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Serving, simply and sustainably

Volunteerism isn’t just for retirees anymore. Lutheran Volunteer Corps (LVC), which includes people ages 21 and over, is a faith-based organization experiencing growth. A difficult job market for new college graduates may be one factor in the growing interest in volunteering. Another is the community organizing background of the current occupant of the White House, who has a stated commitment to volunteerism.

Kyle Broadnax’s LVC placement is Kaleidoscope, an after-school ministry started by Messiah and Our Saviour’s Lutheran churches in Minneapolis. Here Broadnax shares laughs with a participant. Photos provided by Lutheran Volunteers Corps

LVC looks for people with skills and a passion to share them, says Susanne Waldorf, LVC’s city coordinator in the Twin Cities.
Twenty-two LVC members are working in the Twin Cities in a variety of settings. They’re motivated by the struggles of this world: poverty, illness, racism, injustice and other oppressions. Their commitment lies in building community, working for social justice, and engaging in a simple, sustainable lifestyle.
This year, Waldorf noted, there are 124 LVC members nationally, serving in 13 cities. The goal for next year is 150 volunteers in 16 cities.
Volunteers sign on for a one-year commitment. The minimum age is 21, but there’s no upper age limit. People of all ages are welcomed into the program. Volunteers live together in low- to middle-income, racially diverse neighborhoods. Many work in the neighborhood where they live.
Organizations where the volunteers work pay for housing, utilities, food, travel, and transportation as well as medical insurance. Volunteers receive a personal stipend of $100 per month and two weeks of vacation. The volunteers generally live together in households of four to seven people.

LVC grew out of a practical need by the congregation’s social ministry program.

As city coordinator for the Twin Cities, Waldorf works out of an office in Christ English Lutheran Church on the north side of Minneapolis. Susanne was a volunteer in 2001-2003, serving one year in Wilmington, Delaware, and a second year in Washington, D.C. Her responsibilities here include program planning for volunteers, retreats, and spiritual development. She also seeks to build relationships with organizations interested in LVC. In addition, she works with a local support committee, plans fund-raisers, organizes social events and outings for volunteers, and stocks pantries for LVC households.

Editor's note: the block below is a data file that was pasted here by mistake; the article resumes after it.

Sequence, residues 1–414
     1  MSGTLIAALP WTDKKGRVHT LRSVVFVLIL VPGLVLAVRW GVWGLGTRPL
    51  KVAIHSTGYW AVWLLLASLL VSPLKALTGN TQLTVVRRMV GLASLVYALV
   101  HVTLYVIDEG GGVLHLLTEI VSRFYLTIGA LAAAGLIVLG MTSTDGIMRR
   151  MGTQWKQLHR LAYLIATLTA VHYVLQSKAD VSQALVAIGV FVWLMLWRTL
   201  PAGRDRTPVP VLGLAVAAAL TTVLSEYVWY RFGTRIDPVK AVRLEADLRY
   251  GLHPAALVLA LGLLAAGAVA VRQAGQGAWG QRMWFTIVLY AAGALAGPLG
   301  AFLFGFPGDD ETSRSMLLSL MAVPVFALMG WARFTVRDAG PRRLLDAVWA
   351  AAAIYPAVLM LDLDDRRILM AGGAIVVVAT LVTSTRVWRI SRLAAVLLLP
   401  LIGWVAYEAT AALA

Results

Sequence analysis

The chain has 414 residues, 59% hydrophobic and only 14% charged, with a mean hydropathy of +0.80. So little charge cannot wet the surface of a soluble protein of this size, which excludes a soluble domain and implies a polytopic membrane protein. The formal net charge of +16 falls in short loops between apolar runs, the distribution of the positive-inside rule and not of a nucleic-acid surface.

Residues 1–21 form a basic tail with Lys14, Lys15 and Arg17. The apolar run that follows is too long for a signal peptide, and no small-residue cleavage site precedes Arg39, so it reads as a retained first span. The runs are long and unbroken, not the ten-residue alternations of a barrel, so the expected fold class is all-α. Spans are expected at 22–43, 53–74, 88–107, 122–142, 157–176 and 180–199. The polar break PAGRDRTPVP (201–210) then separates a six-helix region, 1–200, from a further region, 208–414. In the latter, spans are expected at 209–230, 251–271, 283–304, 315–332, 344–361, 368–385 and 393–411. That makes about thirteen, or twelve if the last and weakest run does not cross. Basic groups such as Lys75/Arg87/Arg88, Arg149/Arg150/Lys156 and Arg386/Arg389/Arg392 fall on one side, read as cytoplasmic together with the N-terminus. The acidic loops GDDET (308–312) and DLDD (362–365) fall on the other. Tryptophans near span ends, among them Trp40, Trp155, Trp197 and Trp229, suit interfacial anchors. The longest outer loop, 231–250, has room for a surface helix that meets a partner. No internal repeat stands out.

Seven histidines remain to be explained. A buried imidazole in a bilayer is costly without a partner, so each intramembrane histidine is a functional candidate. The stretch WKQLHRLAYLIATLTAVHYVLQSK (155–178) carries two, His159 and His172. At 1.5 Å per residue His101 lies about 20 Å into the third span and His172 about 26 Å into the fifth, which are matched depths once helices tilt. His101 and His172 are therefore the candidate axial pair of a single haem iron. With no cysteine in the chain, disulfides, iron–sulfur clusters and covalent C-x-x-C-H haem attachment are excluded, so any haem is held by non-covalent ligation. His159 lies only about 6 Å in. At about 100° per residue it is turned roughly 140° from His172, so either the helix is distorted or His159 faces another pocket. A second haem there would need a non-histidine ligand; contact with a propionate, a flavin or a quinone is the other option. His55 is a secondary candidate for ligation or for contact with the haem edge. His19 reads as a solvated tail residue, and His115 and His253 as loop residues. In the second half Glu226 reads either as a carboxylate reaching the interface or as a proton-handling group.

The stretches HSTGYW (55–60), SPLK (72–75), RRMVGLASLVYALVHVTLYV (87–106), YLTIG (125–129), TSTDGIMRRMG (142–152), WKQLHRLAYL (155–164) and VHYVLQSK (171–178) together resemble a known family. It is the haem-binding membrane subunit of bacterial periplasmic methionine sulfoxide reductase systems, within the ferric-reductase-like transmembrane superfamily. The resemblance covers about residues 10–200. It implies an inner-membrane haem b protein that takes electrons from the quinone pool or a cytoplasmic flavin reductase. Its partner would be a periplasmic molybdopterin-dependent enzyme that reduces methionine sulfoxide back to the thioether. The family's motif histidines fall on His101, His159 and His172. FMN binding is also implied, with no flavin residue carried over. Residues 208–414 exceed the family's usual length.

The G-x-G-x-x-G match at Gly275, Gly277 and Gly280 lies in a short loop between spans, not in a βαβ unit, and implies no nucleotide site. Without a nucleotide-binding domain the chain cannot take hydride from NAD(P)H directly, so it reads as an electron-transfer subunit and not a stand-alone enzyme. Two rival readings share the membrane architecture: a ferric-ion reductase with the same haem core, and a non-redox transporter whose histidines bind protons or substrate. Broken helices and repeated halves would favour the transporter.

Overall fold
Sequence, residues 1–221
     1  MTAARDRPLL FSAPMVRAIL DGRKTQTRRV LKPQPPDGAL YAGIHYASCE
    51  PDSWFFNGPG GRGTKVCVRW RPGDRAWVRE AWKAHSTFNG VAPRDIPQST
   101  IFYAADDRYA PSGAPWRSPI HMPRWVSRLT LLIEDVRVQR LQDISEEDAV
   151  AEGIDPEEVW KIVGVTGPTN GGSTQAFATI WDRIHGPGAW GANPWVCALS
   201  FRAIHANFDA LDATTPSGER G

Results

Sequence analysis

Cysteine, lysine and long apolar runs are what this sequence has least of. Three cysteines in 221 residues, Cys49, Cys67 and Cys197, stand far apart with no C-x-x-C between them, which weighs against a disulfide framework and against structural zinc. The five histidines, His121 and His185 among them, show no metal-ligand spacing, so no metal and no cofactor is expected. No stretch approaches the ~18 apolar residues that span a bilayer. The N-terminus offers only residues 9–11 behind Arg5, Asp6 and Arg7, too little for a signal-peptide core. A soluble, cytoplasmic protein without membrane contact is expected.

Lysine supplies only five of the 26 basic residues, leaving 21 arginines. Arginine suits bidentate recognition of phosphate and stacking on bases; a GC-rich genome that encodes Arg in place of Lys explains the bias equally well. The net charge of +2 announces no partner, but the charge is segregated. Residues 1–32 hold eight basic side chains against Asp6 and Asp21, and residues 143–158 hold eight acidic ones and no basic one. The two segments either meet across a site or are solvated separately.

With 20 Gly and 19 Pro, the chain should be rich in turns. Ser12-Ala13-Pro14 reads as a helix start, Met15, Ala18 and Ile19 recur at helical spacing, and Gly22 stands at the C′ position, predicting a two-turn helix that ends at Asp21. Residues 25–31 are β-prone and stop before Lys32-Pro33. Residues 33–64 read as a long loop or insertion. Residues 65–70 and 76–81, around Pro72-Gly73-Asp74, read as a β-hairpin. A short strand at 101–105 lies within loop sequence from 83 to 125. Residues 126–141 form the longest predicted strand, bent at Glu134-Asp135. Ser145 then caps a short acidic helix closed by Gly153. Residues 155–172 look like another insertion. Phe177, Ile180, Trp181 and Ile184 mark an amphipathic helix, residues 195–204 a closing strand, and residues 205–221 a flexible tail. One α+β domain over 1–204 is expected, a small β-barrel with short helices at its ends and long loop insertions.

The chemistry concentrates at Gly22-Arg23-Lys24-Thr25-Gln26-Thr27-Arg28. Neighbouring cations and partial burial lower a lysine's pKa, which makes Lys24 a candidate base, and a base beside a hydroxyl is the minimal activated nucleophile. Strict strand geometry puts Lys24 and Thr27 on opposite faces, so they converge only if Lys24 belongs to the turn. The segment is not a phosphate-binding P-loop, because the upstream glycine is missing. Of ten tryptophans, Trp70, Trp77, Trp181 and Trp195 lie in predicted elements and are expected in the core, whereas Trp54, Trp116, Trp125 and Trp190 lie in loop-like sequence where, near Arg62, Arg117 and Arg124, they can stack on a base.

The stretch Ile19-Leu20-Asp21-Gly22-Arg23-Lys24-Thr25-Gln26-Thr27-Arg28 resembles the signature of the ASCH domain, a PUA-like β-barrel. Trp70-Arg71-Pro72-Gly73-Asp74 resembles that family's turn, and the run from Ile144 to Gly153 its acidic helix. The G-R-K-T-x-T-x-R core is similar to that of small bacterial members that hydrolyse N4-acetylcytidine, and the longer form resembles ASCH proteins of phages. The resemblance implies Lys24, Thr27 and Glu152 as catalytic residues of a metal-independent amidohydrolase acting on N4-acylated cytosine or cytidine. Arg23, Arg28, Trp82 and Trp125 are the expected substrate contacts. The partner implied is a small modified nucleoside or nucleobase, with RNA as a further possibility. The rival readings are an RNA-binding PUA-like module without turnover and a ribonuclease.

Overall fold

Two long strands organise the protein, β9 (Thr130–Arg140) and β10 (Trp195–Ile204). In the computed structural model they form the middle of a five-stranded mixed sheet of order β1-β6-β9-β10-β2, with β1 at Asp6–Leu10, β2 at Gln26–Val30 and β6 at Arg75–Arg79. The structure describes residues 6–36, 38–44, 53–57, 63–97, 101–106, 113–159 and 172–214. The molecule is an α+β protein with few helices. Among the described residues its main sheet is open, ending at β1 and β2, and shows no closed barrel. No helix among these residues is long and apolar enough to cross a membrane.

The Lutheran Volunteer Corps connects volunteers with agencies that serve the public good

LVC was founded in 1979 at Luther Place Memorial Church in Washington, D.C. That congregation had a homeless shelter but couldn’t afford to pay staff to increase the shelter capacity. So, LVC grew out of a practical need by the congregation’s social ministry program. It is now an independent organization governed by a national board of directors. It is a member of Lutheran Services in America and an affiliated social ministry of the Evangelical Lutheran Church in America, as well as being a Reconciling in Christ member.
Funding for LVC comes from contributions by individuals, congregations, and organizations receiving a volunteer placement.

Joint Religious Legislative Coalition advocacy associate Rachel Herzfeldt-Kamprath, second from right, convinced her LVC housemates Kristen Freed, Lauren Fulner, and Margaret Zimmerman to participate in her placement agency’s Day on the Hill.